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What we forget and the power of the journals

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Revenant

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A while ago I was looking back through some of my old journal entries, something which I’m sure many of the long-time journal author’s do, and I found the first entry that references my 10G set, just as it was getting started, which I made right around 10 years ago in May 2009.

The thing that struck me in reading that post was how much of that information I’d forgotten in the intervening years.

I remembered that the 1875 was the first coin purchased for the set. I had not remembered that I stumbled upon the 10G series and that coin because I was shopping for 1875 dated gold coins – a year I apparently picked out because of a, in retrospect, rather bizarre feat of mental gymnastics. I had not remembered that Gary (gherrman44) had linked me to / shown me the PCGS MS67 that I ultimately bought.

If I had not written that down myself, I don’t think I would have ever remembered it, and I’m not sure I would have believed some of it.

Sometimes reading my old journals is fun. Sometimes it’s painful. Sometimes… the stupid. It burns. Sometimes reading the old entries feels like reading the thoughts of a different person. Sometimes I really wish it was a different person.

There are days when I wish I could split my journal, the old from the new, possibly using the day / time when the system switched over to the new format in 2017, because I feel like my perspective and my voice has changed so drastically since the last time I was more active in the 2007-2010 period and there are things I said and positions that I took back then that I would not voice or agree with now. There’s also an odd problem with some of the old journals whereby some punctuation marks have been replaced with “?” throughout the post. There’s an old post from 2009 that I’m pretty sure I called “Thanks!” That now reads, “Thanks?” I came across that and thought, “What? Well that seems a little ungrateful of me…” Lol

Still, I suppose that, too, is in the nature of a journal maintained for a long period of time – and you take the good with the bad.

Mokiechan accomplished something akin to that (splitting off and starting anew) by just making a new account but that’s too drastic for my liking. While it is tempting some days, I wouldn’t have wanted to just lose / burn / orphan my old posts and content and lose that part of my history on here.

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Revenant, You are so right, reading through my old blogs can sometimes be quite embarrassing but can also remind me of  previous collecting tangents, interesting people I met along the way, and even thoughts and opinions long forgotten.   Incidentally, I did end up merging my ancient ancient account with my current.  I noticed I was far more passionate back then, now I almost feel like collecting is a job.  Probably not the best attitude.  (:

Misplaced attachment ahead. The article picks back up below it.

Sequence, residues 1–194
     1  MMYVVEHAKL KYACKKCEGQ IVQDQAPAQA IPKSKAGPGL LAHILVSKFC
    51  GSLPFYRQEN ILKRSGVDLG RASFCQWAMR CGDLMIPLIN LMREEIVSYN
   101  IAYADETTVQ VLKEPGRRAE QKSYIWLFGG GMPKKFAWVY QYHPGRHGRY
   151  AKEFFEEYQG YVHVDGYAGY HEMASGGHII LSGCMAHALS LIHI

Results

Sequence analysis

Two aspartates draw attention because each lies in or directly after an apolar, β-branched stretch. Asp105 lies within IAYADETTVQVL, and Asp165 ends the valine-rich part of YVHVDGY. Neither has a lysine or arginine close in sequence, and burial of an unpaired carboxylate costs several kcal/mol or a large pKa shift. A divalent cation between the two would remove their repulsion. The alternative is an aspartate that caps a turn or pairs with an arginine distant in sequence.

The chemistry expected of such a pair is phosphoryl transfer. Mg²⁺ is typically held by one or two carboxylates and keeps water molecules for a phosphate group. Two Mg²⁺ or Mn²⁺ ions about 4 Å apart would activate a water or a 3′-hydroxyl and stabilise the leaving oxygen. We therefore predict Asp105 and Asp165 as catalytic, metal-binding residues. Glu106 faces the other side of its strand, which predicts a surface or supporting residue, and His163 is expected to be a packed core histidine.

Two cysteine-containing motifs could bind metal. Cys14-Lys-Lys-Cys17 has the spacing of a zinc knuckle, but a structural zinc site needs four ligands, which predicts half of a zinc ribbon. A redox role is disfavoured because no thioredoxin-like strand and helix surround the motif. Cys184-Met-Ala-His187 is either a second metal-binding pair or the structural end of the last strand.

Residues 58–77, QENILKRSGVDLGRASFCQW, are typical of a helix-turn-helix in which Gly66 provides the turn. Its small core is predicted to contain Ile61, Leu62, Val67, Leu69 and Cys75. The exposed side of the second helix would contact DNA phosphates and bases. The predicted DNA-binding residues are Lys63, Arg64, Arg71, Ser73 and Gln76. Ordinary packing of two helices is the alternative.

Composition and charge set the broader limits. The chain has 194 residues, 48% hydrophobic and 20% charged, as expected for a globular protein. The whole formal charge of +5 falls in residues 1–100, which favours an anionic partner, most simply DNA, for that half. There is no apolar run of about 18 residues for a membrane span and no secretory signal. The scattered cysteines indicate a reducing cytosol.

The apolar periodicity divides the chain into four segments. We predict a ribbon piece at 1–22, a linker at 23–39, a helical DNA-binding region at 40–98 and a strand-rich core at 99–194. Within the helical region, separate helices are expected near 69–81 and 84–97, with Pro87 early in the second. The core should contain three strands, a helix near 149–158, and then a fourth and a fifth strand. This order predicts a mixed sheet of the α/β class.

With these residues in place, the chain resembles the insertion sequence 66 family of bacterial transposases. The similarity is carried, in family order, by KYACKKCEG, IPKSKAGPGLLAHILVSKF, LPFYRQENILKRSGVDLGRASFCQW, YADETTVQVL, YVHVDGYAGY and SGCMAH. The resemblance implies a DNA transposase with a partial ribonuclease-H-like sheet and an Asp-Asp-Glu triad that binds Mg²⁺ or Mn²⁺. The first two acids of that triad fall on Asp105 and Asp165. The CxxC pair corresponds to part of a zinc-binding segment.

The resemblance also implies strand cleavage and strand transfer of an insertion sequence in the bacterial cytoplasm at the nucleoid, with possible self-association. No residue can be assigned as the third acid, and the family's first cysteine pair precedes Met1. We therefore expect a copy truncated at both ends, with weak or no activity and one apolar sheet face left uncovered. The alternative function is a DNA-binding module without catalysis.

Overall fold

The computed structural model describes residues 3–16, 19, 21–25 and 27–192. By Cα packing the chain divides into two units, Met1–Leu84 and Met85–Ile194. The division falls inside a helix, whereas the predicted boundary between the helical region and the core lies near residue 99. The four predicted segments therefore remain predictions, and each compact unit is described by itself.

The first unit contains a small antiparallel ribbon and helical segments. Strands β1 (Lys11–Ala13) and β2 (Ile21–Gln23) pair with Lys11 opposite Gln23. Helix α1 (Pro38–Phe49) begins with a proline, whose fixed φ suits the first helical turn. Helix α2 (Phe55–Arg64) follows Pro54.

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I read my old blogs and the comments people left. I realized I could also learn from the comments. Think I forgot i picked up again. Nothing wrong with that. I try everyday to read old blogs it's paid off for me. Great journal. And Gary is a great writer. Never missed one of his blogs at the ANA. I enjoyed it keep up the good work . Mike

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I can so relate to many of the things stated in this entry.  I think of where I was in 2010, 2011, 2012 etc....and I think of my interests and what I was collecting and it really is like looking at a different person and their interests.  Back then, I was collecting a lot of German and Ottoman coins.  When I first started on NGC in 2010, I was even still collecting some US coins, though it was definitely the waning days of that phase of my collecting life.  I don't even know who that person was anymore.  Then I moved onto Canadian coins, largely in part because I started collecting with Canadian coins when I was a kid.  Now, I'm doing almost nothing with any of those pursuits.  Instead, I pursue coins with birds on them, coins with babies on them and Roman coins with a particular focus on Faustina the Younger and other empresses.  But it's interesting to look at how I feel about what I do now compared to how I felt about what I was doing with collecting back then.  It's almost like I kind of knew that those pursuits were a temporary thing in a subconscious way.  They were part of the journey along the road to somewhere else.  On the other hand, where I am now with collecting feels like home.  I think I finally found where I belong in the hobby.  I finally found an area that can sustain me for the long run.